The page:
Glutathione peroxidases, selenium-containing enzymes, require two molecules of reduced glutathione to break down hydroperoxides. GPx are involved in the glutathione oxidation-reduction (redox) cycle (see diagram).

Thioredoxin reductases are homodimeric enzymes, and each monomer contains FAD- and NADPH-binding domains and a selenocysteine-containing catalytic site. Three thioredoxin reductase isoenzymes have been identified in the thioredoxin system: cytosolic TrxR1, mitochondrial TrxR3, and testes-specific thioredoxin glutathione reductase TGR. TrxRs catalyze the reduction of a wide range of substrates, including thioredoxin and disulfide isomerase.

Xanthine oxidase, another FAD-dependent enzyme, catalyzes the oxidation of hypoxanthine and xanthine to uric acid. Uric acid is one of the most effective water-soluble antioxidants in the blood. Riboflavin deficiency can result in decreased xanthine oxidase activity, reducing blood uric acid levels (7).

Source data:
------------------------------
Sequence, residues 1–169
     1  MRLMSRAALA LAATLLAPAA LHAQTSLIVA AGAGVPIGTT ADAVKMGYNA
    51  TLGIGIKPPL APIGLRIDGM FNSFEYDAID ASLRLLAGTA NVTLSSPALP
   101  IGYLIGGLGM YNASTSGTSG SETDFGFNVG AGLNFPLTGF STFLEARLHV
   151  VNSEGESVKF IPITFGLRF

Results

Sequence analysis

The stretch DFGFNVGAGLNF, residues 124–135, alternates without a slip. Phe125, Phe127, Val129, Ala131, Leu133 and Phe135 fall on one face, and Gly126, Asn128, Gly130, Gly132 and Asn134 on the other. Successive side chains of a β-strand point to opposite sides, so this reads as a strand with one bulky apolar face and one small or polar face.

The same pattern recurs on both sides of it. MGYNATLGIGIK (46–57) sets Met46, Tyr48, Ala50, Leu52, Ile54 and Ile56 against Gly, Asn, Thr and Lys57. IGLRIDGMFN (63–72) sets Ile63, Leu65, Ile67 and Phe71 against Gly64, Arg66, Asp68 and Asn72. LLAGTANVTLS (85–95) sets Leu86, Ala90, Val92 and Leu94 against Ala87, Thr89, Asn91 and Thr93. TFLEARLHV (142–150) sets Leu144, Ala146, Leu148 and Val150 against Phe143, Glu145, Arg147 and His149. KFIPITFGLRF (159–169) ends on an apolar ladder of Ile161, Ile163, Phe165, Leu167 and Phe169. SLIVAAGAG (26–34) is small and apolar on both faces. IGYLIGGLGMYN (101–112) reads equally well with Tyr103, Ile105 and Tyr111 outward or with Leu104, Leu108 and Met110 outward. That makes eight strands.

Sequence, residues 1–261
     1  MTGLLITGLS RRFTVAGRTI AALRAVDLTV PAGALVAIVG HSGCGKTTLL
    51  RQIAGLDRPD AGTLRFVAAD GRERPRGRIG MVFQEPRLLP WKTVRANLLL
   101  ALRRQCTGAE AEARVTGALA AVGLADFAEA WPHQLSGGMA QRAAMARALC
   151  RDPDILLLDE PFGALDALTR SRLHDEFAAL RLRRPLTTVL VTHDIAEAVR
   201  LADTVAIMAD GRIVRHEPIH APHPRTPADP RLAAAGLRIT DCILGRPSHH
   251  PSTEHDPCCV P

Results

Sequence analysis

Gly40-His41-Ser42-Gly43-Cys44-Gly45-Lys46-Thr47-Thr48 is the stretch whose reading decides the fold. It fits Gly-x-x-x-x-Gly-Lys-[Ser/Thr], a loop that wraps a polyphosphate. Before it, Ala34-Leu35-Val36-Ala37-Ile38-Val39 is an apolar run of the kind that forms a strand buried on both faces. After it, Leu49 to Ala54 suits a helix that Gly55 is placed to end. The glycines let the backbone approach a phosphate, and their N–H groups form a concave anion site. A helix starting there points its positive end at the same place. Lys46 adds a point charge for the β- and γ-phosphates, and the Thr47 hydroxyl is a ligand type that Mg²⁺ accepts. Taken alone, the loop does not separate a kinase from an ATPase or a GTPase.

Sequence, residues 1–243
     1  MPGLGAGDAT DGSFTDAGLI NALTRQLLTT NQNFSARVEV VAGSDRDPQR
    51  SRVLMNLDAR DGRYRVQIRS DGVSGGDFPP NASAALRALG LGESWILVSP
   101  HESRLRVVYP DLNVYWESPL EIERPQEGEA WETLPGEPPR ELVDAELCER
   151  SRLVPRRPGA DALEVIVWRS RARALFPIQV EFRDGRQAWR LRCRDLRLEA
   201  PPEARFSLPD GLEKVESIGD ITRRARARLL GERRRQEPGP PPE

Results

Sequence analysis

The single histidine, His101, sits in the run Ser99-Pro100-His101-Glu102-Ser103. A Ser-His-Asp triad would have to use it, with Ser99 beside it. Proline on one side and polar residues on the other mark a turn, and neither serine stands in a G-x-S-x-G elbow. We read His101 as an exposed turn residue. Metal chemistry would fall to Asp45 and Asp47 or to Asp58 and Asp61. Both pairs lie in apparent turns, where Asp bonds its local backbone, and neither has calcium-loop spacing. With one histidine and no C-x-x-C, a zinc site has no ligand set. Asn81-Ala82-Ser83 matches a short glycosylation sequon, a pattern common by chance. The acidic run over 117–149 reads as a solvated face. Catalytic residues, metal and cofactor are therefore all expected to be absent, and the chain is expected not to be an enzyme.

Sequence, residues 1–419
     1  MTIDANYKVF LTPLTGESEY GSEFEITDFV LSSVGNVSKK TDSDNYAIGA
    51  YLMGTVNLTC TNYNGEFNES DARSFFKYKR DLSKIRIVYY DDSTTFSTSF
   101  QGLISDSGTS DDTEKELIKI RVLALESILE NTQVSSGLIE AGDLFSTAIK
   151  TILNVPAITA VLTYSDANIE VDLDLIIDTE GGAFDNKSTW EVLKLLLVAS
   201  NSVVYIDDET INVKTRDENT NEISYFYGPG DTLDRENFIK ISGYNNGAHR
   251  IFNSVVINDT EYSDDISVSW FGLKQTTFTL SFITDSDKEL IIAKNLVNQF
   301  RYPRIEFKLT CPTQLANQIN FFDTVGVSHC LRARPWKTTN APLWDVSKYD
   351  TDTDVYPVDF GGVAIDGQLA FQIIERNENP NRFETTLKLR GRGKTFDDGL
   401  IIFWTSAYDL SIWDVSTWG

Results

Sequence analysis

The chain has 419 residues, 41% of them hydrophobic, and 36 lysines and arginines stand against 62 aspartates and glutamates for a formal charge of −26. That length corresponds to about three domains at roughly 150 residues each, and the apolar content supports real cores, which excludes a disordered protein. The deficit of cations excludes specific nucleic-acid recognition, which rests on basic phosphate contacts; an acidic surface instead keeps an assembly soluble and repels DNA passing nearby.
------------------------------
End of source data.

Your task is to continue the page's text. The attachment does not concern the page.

Nutrient interactions

B-complex vitamins

Flavoproteins are involved in the metabolism of several other vitamins: (vitamin B6, niacin, and folate). Therefore, severe riboflavin deficiency may affect many enzyme systems. Conversion of most naturally available vitamin B6 to its coenzyme form, pyridoxal 5'-phosphate (PLP), requires the FMN-dependent enzyme, pyridoxine 5'-phosphate oxidase (PPO) (8). At least two studies in the elderly have documented significant interactions between indicators of vitamin B6 and riboflavin nutritional status (9, 10). The synthesis of the niacin-containing coenzymes, NAD and NADP, from the amino acid tryptophan, requires the FAD-dependent enzyme, kynurenine mono-oxygenase. Severe riboflavin deficiency can decrease the conversion of tryptophan to NAD and NADP, increasing the risk of niacin deficiency (3). 5, 10-Methylenetetrahydrofolate reductase (MTHFR) is an FAD-dependent enzyme that plays an important role in maintaining the specific folate coenzyme required to form methionine from homocysteine (see diagram). Along with other B vitamins, higher riboflavin intakes have been associated with decreased plasma homocysteine levels (11). Increased plasma riboflavin levels have also been associated with decreased plasma homocysteine levels, mainly in individuals homozygous for the C677T polymorphism in the MTHFR gene and in individuals with low folate intake (12). Such results illustrate that chronic disease risk may be influenced by complex interactions between genetic and dietary factors (see Cardiovascular disease and Cancer).